Sound programming design

damiannz edited this page Oct 12, 2012 · 5 revisions

Current situation

At the moment in the code we have an ofMixer that accepts multiple sources, an ofSoundPlayer that just outputs and testApp that just outputs. For illustration I've added an ofToneGenerator that outputs a tone and ofSoundDelay that applies a delay effect. The mixer has as sources an ofSoundPlayer, an ofSoundDelay and a testApp. The ofSoundDelay takes input from the ofToneGenerator.

In pseudocode:

ofMixer mixer;

ofSoundPlayer musicPlayer;

ofToneGenerator toneGenerator;
ofSoundDelay delay;




(solid arrowheads show inheritance, light arrowheads show pointers).


We have the following requirements:

  1. We want to be able to change the output of the ofSoundPlayer so that it passes through the ofSoundDelay.
  2. We want to achieve (1) by calling a function on the ofSoundPlayer.

In pseudocode, we want to be able to do this:


and have the musicPlayer send its audio to the delay rather than to the mixer.

Note in the diagram above, the ofSoundPlayer does not have a pointer to the ofMixer, therefore we can immediately say that (2) is impossible. As was pointed out here, to allow (2) we need a doubly linked structure: the ofMixer needs a pointer to the ofSoundPlayer and the ofSoundPlayer needs a pointer to the ofMixer.

What about (1)? Since the ofSoundDelay only has a single source pointer, if we tell it to take audio from the ofSoundPlayer we lose the input from the ofToneGenerator, which is probably not what we want to do. So the ofSoundDelay should also be able to keep a list of inputs and mix them down ... which looks like duplication of the code in ofMixer.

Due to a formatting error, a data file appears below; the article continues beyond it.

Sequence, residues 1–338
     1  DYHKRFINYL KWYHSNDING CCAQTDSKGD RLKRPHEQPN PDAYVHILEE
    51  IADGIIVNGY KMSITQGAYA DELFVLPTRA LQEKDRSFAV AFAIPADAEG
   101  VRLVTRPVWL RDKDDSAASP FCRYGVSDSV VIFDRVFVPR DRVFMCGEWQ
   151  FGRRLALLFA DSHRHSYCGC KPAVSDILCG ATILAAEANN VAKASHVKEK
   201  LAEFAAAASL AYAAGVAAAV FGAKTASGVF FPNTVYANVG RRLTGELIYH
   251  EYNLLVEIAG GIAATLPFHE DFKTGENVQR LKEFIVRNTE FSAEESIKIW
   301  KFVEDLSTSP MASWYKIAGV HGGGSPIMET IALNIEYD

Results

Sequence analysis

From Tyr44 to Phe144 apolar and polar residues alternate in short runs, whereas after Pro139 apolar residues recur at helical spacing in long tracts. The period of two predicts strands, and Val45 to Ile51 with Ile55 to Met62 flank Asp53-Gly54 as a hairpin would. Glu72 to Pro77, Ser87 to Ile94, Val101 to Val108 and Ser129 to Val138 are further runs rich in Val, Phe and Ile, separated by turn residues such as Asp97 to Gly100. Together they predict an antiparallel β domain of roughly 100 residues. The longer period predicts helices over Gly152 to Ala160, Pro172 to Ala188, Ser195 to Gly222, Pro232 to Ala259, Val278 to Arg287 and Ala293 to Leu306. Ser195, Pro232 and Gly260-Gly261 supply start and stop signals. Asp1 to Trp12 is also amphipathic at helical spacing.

Here's my proposal for dealing with both of these problems:


We have added a base class ofSoundSink which holds an array of pointers to sound sources. (A class should subclass ofSoundSink when it intends to get sound data from another object using audioOut()). To achieve (2) above we added a couple of features to ofBaseSoundOutput so that it now holds an array of pointers back to ofSoundSink instance. We have also renamed ofBaseSoundOutput to ofBaseSoundSource to better match the ofSoundSink name. Now all of the classes that inherit from ofBaseSoundSource get a sinks array, and all of the classes that inherit from ofBaseSoundSink get a sources array.

With this structure, here's what our original scenario above looks like, after doing this pseudocode:

ofMixer mixer;

ofSoundPlayer musicPlayer;

ofToneGenerator toneGenerator;
ofSoundDelay delay;




The pairs of arrows are marked by = , they represent the doubly-linked structure mentioned above.

And here's what happens after we do (1), ie set the ofSoundPlayer to send its audio to the ofSoundDelay rather than straight to the mixer. Note that the ofSoundDelay now has two inputs, and that this was able to happen transparently since the methods to handle mixing down were already implemented on ofBaseSoundSink. Note also that we are now able to achieve our requirement (2) from above because the ofSoundPlayer inherits from ofBaseSoundSource and thus holds a pointer back to the ofMixer.